MONTEVIDEO – Images of a soon-to-be victorious Tabare Vazquez and a defensive Luis Lacalle Pou appealing for the “freedom” of citizens closed the electoral campaign for the second round of the Uruguayan presidential elections.
In the end it was a lackluster campaign which gave one the feeling as if everything was already decided even before the contest.
Latest polls give former president Vazquez, of the leftist Broad Front party, a huge 14 point advantage over his opponent.
Speaking at an event in Montevideo on Thursday, Vazquez repeatedly and vehemently declared that his party “will form its third consecutive government on Nov. 30.”
“The Broad Front that closes this campaign today, sowed seeds of hope years ago that if it came to power it would make the country better. And it did that,” Vazquez said.
“This Broad Front made a commitment to the people and the large majority of the nation. And today it is harvesting the fruit of confidence, it sowed seeds of humanism, solidarity, fraternity and today it is gathering impressive support,” he added.
The candidate also vowed to make society more equitable with “decent work, better health and housing, more culture.”
Vazquez garnered 47.9 percent of the votes in the Oct. 26 elections, securing a majority in the Chamber of Deputies, a result that none of the opinion polls had predicted.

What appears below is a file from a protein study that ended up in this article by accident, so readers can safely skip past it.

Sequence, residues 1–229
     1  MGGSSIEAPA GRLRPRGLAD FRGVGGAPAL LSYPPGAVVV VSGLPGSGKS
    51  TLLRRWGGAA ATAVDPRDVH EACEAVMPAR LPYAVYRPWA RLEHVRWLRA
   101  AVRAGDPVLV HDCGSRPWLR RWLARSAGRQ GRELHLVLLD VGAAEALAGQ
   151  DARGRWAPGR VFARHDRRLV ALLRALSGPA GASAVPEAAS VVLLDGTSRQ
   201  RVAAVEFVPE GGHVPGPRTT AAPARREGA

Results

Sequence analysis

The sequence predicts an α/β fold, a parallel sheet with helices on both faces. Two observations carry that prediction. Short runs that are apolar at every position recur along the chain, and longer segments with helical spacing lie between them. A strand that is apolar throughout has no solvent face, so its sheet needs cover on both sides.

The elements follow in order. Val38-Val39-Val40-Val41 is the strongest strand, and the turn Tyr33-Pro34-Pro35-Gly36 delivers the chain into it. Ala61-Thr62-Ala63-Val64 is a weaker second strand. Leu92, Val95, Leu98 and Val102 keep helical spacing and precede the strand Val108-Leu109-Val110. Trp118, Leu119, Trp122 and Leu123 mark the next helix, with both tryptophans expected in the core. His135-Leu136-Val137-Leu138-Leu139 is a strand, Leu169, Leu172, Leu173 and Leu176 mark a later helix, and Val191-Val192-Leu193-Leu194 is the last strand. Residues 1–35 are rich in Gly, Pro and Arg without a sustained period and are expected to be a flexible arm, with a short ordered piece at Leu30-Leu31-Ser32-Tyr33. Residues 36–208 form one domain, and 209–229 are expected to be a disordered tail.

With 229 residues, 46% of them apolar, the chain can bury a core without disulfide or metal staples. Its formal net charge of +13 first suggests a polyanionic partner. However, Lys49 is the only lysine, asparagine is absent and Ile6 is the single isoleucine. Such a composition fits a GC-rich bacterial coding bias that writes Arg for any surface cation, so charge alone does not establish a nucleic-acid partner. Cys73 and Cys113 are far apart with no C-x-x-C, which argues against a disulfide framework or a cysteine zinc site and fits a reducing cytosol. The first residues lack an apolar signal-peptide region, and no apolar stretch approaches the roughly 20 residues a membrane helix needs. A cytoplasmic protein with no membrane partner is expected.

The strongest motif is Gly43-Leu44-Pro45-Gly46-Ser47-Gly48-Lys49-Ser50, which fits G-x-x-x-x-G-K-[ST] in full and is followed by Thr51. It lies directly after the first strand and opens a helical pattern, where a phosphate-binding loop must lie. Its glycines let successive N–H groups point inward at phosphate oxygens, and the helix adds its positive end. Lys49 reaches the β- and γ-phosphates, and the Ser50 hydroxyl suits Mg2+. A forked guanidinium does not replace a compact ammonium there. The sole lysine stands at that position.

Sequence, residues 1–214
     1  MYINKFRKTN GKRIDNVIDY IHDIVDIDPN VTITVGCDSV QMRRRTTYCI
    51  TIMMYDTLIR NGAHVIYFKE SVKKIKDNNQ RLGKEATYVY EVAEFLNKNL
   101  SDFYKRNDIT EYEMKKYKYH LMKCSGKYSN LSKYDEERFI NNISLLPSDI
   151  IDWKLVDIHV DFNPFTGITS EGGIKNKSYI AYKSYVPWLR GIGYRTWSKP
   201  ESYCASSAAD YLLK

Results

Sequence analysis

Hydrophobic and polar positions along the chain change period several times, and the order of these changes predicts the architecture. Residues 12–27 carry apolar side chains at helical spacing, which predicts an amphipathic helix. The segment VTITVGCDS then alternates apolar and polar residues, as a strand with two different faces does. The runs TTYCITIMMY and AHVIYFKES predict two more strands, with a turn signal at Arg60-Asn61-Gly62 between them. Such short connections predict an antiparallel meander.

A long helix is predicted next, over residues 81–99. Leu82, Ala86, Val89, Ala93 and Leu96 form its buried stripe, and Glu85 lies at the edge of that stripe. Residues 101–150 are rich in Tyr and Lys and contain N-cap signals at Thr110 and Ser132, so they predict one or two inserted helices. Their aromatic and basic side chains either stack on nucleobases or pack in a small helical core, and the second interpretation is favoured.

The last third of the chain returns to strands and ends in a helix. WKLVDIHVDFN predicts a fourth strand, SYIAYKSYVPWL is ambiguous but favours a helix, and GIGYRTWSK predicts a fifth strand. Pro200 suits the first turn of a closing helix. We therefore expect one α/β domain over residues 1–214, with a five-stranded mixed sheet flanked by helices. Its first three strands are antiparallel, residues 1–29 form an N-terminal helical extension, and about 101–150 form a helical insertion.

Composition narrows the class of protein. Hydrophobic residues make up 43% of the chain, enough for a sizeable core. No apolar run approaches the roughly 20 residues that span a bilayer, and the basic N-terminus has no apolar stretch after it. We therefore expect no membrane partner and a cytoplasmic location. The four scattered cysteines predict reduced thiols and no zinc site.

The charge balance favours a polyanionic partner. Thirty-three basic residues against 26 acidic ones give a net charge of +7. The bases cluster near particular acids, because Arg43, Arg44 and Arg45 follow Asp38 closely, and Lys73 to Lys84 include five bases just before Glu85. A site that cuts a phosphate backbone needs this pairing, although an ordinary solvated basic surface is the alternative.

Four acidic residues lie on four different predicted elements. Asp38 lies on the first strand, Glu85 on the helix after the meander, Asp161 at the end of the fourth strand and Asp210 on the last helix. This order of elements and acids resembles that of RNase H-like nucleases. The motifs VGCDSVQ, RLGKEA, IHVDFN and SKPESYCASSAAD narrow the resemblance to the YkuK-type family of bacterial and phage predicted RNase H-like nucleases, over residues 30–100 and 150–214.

In the opposing camp, Lacalle Pou and his running mate Jorge Larrañaga brought their campaign to a close in San Carlos with a promise of “freedom” for the Uruguayans if the National Party won.
Lacalle was emphatic in pointing out the mistakes of the Broad Front and the danger of Vazquez’s government abusing its majority in parliament.
In addition, he also charged the government for the persistence of marginal areas “for those who did not pass the 10 years of economic prosperity,” the state of education, or public security, which he described as a “resounding failure,” while also attacking the “foreign relations based on friendships” which, according to him, the Broad Front has constantly adhered to.
Pollsters, political experts and journalists have described the Sunday race as little more than an anecdote in which the only unknown is what Vazquez’s margin of victory will be.
On Sunday, some 2.6 million Uruguayans will vote for their new president, who will replace Jose Mujica on March 1.